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Meyer, Viktor

compounds bunsen lectures organic

[miy er] (1848–97) German chemist: wide-ranging chemical experimenter.

Meyer’s father, a dye merchant, wished his sons to become chemists; Viktor wanted to be an actor. The family persuaded him to attend some lectures in Heidelberg, and lectures on chemistry duly converted him. He became an enthusiastic and successful chemistry student, and later a strikingly effective lecturer, perhaps because of his acting skills. After working as assistant to Bunsen and to he became professor at Zürich at the early age of 24. Later he succeeded Bunsen at Heidelberg, but in the 1880s he became ill and depressed and later killed himself with cyanide, a fate too common among famous chemists.

His early work on benzene compounds established the orientation of many substituted acids, but his main fame in the 1870s was due to his work on nitroparaffins; he was also the first to prepare oximes, by the reaction of hydroxylamine H2NOH with an aldehyde or ketone. His name is much linked with a method for finding relative molecular mass by measuring vapour density; he used this first for organic compounds and then (at temperatures up to 3000°C) for inorganic compounds and elements. In 1883 he discovered (through a lecture demonstration which failed) the novel sulphur ring-compound thiophene, parent of a series of sulphur compounds. He also did valuable work in stereochemistry (he invented this word, usefully shorter than ‘chemistry in space’) and he discovered ‘steric hindrance’, which he first observed in ortho-substituted benzoic acids. He made a novel range of aromatic iodine compounds and he studied what later came to be seen as electronic effects on acidity in organic molecules.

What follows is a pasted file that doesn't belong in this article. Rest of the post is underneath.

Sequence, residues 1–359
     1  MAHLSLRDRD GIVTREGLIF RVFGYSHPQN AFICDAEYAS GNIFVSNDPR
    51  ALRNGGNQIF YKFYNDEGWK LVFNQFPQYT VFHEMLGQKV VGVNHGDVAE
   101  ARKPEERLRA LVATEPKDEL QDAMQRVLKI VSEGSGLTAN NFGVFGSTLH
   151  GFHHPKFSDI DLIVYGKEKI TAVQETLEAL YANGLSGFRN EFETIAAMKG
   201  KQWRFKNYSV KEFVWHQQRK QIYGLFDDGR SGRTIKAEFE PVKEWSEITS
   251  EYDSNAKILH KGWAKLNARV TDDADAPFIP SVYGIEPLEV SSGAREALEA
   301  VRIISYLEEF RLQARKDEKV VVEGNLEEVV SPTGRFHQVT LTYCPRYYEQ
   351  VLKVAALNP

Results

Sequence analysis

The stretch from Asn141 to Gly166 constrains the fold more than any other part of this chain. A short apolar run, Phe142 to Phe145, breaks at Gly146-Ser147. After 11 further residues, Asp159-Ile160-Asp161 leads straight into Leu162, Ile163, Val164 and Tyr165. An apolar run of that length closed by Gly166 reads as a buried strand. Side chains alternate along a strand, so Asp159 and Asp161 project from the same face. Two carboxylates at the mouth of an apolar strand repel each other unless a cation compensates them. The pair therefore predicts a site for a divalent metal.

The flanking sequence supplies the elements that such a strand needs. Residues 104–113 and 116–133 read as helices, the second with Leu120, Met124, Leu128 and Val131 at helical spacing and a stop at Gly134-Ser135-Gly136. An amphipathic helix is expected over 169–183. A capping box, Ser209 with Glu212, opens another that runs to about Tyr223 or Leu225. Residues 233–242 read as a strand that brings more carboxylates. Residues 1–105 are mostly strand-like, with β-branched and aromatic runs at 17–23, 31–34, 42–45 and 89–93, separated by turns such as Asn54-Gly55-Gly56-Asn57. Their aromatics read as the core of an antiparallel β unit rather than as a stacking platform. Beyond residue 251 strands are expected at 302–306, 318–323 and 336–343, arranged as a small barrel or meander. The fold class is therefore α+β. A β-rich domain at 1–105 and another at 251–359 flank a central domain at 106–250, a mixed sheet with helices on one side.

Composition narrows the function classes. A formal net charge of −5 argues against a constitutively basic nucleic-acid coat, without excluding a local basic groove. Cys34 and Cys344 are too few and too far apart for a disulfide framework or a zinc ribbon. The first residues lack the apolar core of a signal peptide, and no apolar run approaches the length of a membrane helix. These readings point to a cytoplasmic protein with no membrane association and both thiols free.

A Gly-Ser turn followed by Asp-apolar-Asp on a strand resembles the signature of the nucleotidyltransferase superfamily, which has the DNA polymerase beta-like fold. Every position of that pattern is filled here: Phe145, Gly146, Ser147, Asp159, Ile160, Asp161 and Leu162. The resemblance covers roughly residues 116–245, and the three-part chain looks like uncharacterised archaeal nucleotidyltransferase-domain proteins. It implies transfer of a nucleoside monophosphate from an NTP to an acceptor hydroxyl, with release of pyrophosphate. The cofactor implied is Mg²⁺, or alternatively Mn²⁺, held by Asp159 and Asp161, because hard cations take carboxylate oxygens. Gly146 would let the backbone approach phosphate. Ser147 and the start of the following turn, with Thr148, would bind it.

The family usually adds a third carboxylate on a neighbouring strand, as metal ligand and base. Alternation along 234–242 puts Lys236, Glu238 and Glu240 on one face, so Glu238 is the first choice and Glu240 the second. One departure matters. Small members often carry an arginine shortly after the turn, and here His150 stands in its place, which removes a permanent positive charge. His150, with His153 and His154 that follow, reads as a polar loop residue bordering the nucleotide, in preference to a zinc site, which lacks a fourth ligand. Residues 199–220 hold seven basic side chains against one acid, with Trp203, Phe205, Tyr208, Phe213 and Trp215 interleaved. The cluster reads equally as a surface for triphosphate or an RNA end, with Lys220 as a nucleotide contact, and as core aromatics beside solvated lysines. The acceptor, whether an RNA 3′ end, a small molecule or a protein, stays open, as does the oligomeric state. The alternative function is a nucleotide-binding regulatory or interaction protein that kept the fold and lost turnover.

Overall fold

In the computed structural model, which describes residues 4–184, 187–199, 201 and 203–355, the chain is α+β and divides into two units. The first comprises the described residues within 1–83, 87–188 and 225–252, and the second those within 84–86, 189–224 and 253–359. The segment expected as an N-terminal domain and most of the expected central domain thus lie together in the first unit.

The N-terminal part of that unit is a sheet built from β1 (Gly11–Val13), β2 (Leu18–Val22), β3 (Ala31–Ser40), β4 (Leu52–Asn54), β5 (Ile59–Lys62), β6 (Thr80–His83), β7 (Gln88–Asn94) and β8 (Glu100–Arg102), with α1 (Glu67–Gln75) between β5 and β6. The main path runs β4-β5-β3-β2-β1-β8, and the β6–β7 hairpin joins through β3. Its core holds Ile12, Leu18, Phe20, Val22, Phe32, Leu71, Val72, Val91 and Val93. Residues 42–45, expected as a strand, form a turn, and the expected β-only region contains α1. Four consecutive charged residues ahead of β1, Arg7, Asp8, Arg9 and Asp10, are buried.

Meyerhof, Otto Fritz [next] [back] Metcalfe, Jane - Overview, Personal Life, Career Details, Chronology: Jane Metcalfe, Social and Economic Impact

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